To serve 16.2 million customers across 32 US states, American Water Works Company, Inc. maintains 5,000 separate electrical accounts. The majority of the electricity consumed through those accounts, “somewhere in excess of 90 to 95%,” powers the company’s pumps, according to Brett Bower, Senior Energy Specialist at American Water.
In a 2010 push to save energy and money on pumping operations, American Water focused on its 50 largest electrical accounts. Bower says the company chose to look at just those 50 accounts, because they collectively represented more than half of the company’s electricity costs.
Once American Water identified its target facilities, the company continued its efficiency efforts by determining each facility’s “wire-to-water” ratio. This ratio measures how much electricity a given facility needs to deliver water. It is sometimes defined as the horsepower provided by a pumping plant divided by the electricity (converted to horsepower) required to run the plant’s pump drive motor. Under this version of the calculation, the ratio is expressed as a percentage.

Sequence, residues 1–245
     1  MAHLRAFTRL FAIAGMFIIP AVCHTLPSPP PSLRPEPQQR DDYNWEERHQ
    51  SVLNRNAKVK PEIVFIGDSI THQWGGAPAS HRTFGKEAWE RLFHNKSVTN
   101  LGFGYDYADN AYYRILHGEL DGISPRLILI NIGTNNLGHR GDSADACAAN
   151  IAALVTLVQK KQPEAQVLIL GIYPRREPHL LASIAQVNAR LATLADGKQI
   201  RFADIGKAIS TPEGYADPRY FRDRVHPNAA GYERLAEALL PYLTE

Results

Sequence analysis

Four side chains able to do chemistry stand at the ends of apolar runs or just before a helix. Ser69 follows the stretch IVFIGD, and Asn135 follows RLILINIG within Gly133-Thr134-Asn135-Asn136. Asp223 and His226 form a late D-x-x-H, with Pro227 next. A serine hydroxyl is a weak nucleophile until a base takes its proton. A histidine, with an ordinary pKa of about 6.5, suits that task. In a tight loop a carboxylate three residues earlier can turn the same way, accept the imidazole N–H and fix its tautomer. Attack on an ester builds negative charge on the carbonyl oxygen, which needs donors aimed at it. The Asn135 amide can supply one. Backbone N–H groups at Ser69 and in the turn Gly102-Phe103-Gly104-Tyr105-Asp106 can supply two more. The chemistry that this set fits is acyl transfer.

American Water’s research found that the average wire-to-water ratio of existing, in-field utility pumps was about 55%. Studies performed by American Water showed that the company could increase pump efficiency by as much as 20% by making upgrades to older pumps. As the company updated and upgraded equipment in 2011, engineers designed all new installations to achieve wire-to-water ratios of 76% to 82%.
Water utilities should begin energy efficiency programs with this kind of measurement. Upgrading motors, pumps, and filtration equipment, as well as optimizing pipe networks, will almost certainly save energy.
According to Terry Brueck, president of consultancy EMA, Inc., it’s “not uncommon for water utilities that implement new efficiency regimes to reduce their energy use by 25%.”
When energy costs represent as much as 30% of a water utility’s budget, those savings can have a serious impact on the bottom line. But those energy- (and cost-) saving efforts will be blunted if utility managers don’t know where or how they use electricity.
In addition to giving utility managers the tools they need to install the most effective energy-saving techniques for their situation, properly understanding and managing a water utility’s power usage can disproportionately save the utility money; clever managers can find financial savings on maintenance costs and time-of-day use by carefully crafting the utility’s energy strategy. But it all begins with properly monitoring power usage.
The Nitty Gritty